Musings of a Philadelphia Physician who has served the community for six decades

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"The past is never dead. It's not even past." -- William Faulkner, Requiem for a Nun

Growing Legs
med cartoon

A good idea is usually better than its originator thought it was. After arguing for nearly three decades that the Medical Savings Account would reduce the cost of medical care without injuring its quality, some other advantages began to appear. For example, if the owner of the policy bought it young and didn't get sick, the accumulated funds would probably grow to considerable size. After a while, income from the investments would be enough to pay the premium on the catastrophic (high-deductible) policy. It would thus permit the individual to skip any contributions or premiums during a couple of years of sickness or unemployment. As they say in the life insurance world, it would effectively contain a "waiver of premium clause", something heretofore unknown in health insurance. What's more, if things went particularly well, the interest income would sustain the policy without further contribution for the rest of the individual's life, or at least until Medicare appeared. Think of that. Paid-up health insurance. It probably would be safer not to promise such benefits because who knows what might happen in the dim future. But just let it happen once, and it would be front-page news.

Because everybody can one day expect to have Medicare, the unspent balances in the accounts might well be diverted to things which Medicare can't afford to cover, like nursing home care, or plastic surgery.

Because a lot of small claims would be paid for out of the account rather than with claim forms, administrative costs would decline. Doubled administrative costs from 20% copayment insurance would disappear. You could use special credit cards for this medical purpose; maybe there is something like frequent-flier discounts which could be devised. And so on. The ideas just sort of tumble out when you get to thinking about it.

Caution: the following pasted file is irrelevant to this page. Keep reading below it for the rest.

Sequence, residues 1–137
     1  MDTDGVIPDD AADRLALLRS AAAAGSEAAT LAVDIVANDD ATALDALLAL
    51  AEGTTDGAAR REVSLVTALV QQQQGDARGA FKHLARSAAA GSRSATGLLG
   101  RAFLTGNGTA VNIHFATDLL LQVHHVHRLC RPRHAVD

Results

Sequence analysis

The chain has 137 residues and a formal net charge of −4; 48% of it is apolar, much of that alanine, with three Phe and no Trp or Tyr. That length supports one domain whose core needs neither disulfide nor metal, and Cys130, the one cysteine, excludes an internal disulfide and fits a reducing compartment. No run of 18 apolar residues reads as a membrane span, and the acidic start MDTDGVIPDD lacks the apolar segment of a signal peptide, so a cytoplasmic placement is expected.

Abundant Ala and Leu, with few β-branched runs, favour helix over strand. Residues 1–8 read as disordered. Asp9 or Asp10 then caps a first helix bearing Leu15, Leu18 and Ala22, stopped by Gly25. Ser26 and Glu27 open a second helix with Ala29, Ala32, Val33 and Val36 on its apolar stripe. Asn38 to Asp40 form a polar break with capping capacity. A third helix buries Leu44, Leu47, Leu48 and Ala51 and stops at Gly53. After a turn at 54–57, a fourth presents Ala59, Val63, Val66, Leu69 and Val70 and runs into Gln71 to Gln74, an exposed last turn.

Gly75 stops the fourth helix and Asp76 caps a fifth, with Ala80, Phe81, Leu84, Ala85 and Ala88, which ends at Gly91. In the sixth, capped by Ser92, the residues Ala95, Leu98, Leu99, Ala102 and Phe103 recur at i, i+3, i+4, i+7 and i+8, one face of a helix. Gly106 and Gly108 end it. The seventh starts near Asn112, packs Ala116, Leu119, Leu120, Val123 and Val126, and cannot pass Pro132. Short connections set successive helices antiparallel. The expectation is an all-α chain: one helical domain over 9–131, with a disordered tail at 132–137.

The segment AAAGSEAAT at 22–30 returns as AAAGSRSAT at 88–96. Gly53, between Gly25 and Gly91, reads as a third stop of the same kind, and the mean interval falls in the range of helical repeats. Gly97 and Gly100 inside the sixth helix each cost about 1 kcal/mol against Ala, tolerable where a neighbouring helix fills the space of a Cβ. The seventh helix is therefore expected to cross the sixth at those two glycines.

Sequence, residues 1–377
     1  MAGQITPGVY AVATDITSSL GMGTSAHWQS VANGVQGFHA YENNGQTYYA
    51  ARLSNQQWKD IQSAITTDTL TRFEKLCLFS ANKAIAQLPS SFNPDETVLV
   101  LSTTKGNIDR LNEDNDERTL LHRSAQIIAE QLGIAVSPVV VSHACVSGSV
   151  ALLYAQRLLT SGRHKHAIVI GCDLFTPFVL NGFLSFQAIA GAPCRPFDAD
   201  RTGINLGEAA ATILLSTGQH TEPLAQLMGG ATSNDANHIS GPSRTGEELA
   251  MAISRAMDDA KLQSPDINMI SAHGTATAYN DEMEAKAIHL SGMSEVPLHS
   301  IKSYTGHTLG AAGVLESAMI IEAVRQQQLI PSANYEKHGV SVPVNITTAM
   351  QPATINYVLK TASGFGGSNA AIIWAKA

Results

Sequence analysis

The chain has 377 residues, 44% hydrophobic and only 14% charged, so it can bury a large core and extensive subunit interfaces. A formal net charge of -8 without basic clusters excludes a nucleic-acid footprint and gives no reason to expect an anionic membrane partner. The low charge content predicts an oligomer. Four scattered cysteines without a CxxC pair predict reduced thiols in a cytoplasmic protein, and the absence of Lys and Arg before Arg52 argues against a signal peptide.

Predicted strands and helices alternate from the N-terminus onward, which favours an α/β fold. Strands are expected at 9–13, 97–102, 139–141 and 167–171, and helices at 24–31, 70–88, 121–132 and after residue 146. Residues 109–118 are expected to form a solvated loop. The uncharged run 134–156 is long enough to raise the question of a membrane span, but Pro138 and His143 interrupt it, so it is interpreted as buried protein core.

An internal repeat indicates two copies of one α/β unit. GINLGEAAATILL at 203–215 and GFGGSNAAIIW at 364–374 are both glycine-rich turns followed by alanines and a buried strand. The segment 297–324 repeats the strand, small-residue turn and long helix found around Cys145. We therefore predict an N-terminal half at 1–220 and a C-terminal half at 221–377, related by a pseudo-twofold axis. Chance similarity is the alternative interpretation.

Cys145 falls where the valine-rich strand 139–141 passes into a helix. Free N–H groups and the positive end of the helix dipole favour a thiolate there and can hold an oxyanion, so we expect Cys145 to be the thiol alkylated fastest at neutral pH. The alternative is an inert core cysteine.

So a good idea has more to it than its originators realized, and the idea grows legs. That is to say, it starts to spread by itself as different people make different discoveries. Not only do faithful disciples spring up unbidden, the originator of the idea can sometimes have the amusing experience of being button-holed by a total stranger, who starts to advocate his new idea, which turns out to be, you know what. There was once a time when I felt the need to submit an occasional resolution to the AMÅ, just to keep the subject alive. In time, I began to worry about other people jumping up and boring the AMA to death.

But the opposition grew legs, too. When Chairman Archer of the House Ways and Means Committee --bless him-- finally forced through a MSA law, the Senate (always the Senate) stuck in a limitation that no business might provide MSAs as employee health benefits if they had more than fifty employees. Large insurance companies lost interest in promoting a policy with such necessarily uncompetitive marketing expenses, and the Archer MSAs were very slow to be adopted because it was so hard to find someone to sell them to you. Many other subtle but crippling provisions appeared in what was known as the Kennedy-Kassebaum Law. When I later had occasion to ask Senator Kassebaum why she helped cripple the MSA, she did not bother to deny the amendments were crippling, simply shrugging her shoulders and saying, "Blue Cross".


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